I often wonder if there is any similar English idiom to Polish saying "Głupich nie sieją, sami się rodzą" literally meaning "Dumb people are not sown, they're born."

Short explanation:

This saying is similar in meaning to There are always dumb people and you can't do anything about it, you must deal with that.

Long explanation:

When I try to explain the meaning behind this saying I always explain it like this: imagine we have cereal. Cereal can be sown randomly and naturally by wind or wild animals that are transporting the seeds in their fur. That just happens. But there is a need for cereal to feed all the people so they're planting them on purpose. If we compare that to a baby, we can say that no one is ever planning to give birth to an idiot because no one wants idiots in society and there is no need for them. Dumb people are not 'sown'. That just happens and they're born (or to be more exact they're becoming dumb along the way).

More details:
This saying is commonly used to describe a person that made something obviously stupid or wrong only because he or she believes it is right despite the fact that majority of society finds it simply stupid. Be sure that it is not used to describe a person that have done something wrong because of unawarness. It must be done on purpose and because of ignorance. It can be done because of stereotype but doesn't have to. I guess this saying can be used to describe at least teenager. Below that age you'd rather use it to describe parents than a child.

- Jack did you hear what Mike did? He thought the snow is thick enough and he jumped out of balcony and he broke his leg.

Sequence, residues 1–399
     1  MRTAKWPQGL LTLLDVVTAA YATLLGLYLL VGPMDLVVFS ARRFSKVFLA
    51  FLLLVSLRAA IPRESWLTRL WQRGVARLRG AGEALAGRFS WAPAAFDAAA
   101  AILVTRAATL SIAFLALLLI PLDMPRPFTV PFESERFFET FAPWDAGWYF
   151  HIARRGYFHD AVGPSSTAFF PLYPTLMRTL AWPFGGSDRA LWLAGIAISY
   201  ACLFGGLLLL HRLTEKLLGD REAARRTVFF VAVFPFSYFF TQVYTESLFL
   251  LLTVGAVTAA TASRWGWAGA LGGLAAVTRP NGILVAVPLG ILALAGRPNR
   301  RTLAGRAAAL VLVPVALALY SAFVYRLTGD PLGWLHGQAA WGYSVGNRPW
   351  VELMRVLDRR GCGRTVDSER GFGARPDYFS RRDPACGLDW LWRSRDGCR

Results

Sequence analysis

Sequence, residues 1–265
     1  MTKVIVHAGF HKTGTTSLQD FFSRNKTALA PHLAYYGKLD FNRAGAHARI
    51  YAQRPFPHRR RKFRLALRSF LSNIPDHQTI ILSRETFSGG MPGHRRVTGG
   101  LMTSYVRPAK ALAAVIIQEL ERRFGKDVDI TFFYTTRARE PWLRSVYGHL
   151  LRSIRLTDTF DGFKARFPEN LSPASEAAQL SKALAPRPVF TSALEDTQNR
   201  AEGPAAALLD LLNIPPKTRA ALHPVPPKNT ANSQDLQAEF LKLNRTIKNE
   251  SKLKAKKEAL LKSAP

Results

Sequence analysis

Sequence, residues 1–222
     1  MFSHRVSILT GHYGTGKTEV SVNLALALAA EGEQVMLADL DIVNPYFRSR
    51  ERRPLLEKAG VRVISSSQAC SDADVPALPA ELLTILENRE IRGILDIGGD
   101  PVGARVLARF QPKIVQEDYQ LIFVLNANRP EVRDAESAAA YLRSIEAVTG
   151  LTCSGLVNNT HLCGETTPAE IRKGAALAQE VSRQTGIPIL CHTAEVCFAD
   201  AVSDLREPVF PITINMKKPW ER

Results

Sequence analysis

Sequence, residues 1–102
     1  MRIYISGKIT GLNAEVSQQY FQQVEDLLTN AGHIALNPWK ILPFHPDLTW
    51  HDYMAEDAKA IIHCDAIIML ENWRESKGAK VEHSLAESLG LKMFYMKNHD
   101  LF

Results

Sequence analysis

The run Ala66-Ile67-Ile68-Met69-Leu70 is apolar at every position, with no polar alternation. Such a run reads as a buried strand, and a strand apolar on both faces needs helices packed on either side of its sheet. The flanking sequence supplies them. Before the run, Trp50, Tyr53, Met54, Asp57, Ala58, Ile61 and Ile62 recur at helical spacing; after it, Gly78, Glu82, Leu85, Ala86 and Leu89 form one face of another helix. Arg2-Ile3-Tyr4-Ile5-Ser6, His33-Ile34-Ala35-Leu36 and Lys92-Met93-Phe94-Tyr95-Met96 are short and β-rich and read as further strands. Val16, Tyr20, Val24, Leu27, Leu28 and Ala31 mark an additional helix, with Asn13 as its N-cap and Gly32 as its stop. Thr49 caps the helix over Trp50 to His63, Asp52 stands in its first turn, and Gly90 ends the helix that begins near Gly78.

- Are you serious? Dumb people are not sown, they're born.

  • 3
    Calvin & Hobbes seems to have formed a slightly sexist idiom that describes a similar thing: "Idiocy is the essence of the male mind." Commented Mar 12, 2016 at 14:03
  • @JohnClifford unfortunately this old saying relates to both men and women
    – Colonder
    Commented Mar 12, 2016 at 14:15
  • 9
    I'm not sure how wide-spread it is at this point so not giving as an answer, but a comedy routine by Ron White a few years ago introduced the phrase "You can't fix stupid" to at least at sub-set of AmEng. The full thought is something like "Fat people can get liposuction, ugly people can get a facelift. You can't fix stupid." A video of the routine is on YouTube.
    – cobaltduck
    Commented Mar 12, 2016 at 14:32
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    @cobaltduck I think that's as close as it gets. Why not post an answer?
    – user140086
    Commented Mar 12, 2016 at 14:39
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    Again this seems to contradict the Polish saying, but if you don’t mind admitting that all of us are born ignorant (and not just the “hard worker” being targeted by the saying), there’s “We are all born ignorant, but one must work hard to remain stupid.
    – Papa Poule
    Commented Mar 12, 2016 at 20:14

6 Answers 6


There's no cure for stupidity.

Comes close to the connotation of the inevitability of nature the Polish one has.

  • inevitability of nature the Polish one has?
    – Colonder
    Commented Mar 12, 2016 at 16:02
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    "There's no cure for stupidity" or more colloquially "you can't fix stupid" would refer to the inevitability that the person in question was born stupid, but not the inevitability that in general some people are stupid at birth. This phrase just means that this particular person was born stupid, and there's no way to fix that.